In 1958 J. Paul Getty was the richest man in the world. He even had his own listing verifying it in the Guinness Book of World Records. He was from wealth, his father was a successful wildcat oilman, J. Paul took over the old man’s business and expanded it to heights no one could have dreamt of when the depression started.
Getty was on an extended stay in Italy in 1958 when he finally got around to executing a will. It was simple, came in at seventeen neatly type pages. In it, he left his vast art collection – well, everything that ‘was marketable’ – to the J. Paul Getty museum. Basically, the rest of the will was designed to keep his children in control of the oil company’s stock and always have a seat (and salary) on the board of the museum.
He left bequests of varying sizes to some of the people who worked for him and his women ‘friends.’ Getty had a lot of woman friends.
Fairly simple, then. Add to it the fact that he was the trustee of his mother’s trust, The Sarah C. Getty Trust. That was pushing the billion-dollar mark by the ‘60s and was designed to provide income to Getty’s kids and grandkids. The fact that his children would get the principal of the trust on J. Paul’s death greatly influenced his disbursement of his estate
Simple, straightforward and certainly – apart from the personality of Getty and the numbers involved – a non-story.
Except for the fact that J. Paul Getty was not a particularly nice human being. A fact his family certainly knew. To call him an indifferent father is to insult indifferent fathers everywhere. He didn’t inspire warmth and loyalty from his children and he knew it, so he used his money as a cudgel to insure they attended to him – all the while remaining cold, distant, critical.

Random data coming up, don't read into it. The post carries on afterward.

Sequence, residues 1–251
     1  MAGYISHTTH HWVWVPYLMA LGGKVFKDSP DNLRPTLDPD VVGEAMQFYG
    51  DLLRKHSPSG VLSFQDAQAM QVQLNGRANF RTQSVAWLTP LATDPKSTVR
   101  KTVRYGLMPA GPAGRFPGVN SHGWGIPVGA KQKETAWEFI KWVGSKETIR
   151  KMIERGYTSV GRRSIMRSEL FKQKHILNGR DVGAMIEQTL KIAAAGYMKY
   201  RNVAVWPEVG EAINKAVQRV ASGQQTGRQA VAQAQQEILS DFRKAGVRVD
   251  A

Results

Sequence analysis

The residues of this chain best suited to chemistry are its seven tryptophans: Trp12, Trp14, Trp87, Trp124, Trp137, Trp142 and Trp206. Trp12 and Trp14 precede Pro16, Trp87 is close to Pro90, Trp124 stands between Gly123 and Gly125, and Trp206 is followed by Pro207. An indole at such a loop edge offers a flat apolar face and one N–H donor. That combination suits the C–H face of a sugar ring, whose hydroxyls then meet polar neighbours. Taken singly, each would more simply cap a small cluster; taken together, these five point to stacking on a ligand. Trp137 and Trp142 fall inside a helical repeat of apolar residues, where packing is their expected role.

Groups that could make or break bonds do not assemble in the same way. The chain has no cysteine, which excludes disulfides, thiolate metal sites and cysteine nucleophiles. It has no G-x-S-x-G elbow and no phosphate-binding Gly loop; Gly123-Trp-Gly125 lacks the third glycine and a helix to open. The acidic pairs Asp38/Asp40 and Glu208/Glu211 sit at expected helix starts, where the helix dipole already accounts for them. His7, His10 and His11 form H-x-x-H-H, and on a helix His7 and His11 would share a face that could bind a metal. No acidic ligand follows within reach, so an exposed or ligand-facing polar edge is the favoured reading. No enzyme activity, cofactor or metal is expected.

To top it off, he was a miser of legendary standing. It was a well-known and much commented upon fact, in our modern day late-night TV commentary way, that Getty had pay phones installed in his homes for guests to use. Pay phones.
Put these two facts together and the result was perhaps inevitable. Getty used the will as a weapon. A family member snubbed him – out of the will; an employee of long standing and good service left – out; women friends – in or out depending on their behavior after the breakup.
Getty, it must be noted, was a brilliant business man and had the nerves of a cat burglar. This is, after all, a man who mortgaged everything he had after WWII to buy land in Saudi Arabia he had not only never surveyed, but had never even seen.
Smart, certainly, with a steel trap, analytic mind and amazing memory. But there was that incredible frugality. So it came to pass that instead of executing a new will every few years (and disavowing the old ones), he simply added addendums to the original – codicils, in legal terms.
Between September 1958 and his death in 1976 he executed twenty-one – 21! – codicils. Twenty-one changes, all of them
significant, in slightly less than eighteen years. I don’t think it’s much of a reach to think that with his intellect he was sure he could keep track of it all, just as it’s not much of a reach to think he did not factor in the effects of aging on his marvelous intellect.
The results, of course, were an unmitigated disaster – for his original wishes and his family. Changes resulted in Getty’s children losing their seats – and all control – on the Getty Museum board. Pretty much the same thing happened with the oil company. Family members were left out, present employees ignored while loyal servants for decades were left out. Not a single beneficiary aside a few girlfriends from the Fifties inexplicably put back in somewhere along the way and, of course, the museum was happy.
A jumbled mess that took decades to sort out.
Of course, it was sorted out in the courts. The one thing that did go right after Getty’s death was that his children finally received their funds from the Sarah C. Getty Trust. The first thing they did with their new found wealth was hire lawyers.
Getty’s death and his Twenty-one Codicils was a red letter day in the history of American Trust and Estate practice. Lawyers sued the estate, lawyers defended the estate, lawyers administered the estate through the litigation. It’s estimated that attorneys were paid tens of millions of dollars through the years of litigation. Tens of millions (estimates vary from $15 to $40 million and more) that should have gone to Getty’s family.
Codicils have their, limited, place in planning but it pays to draft from scratch. Ask any Getty.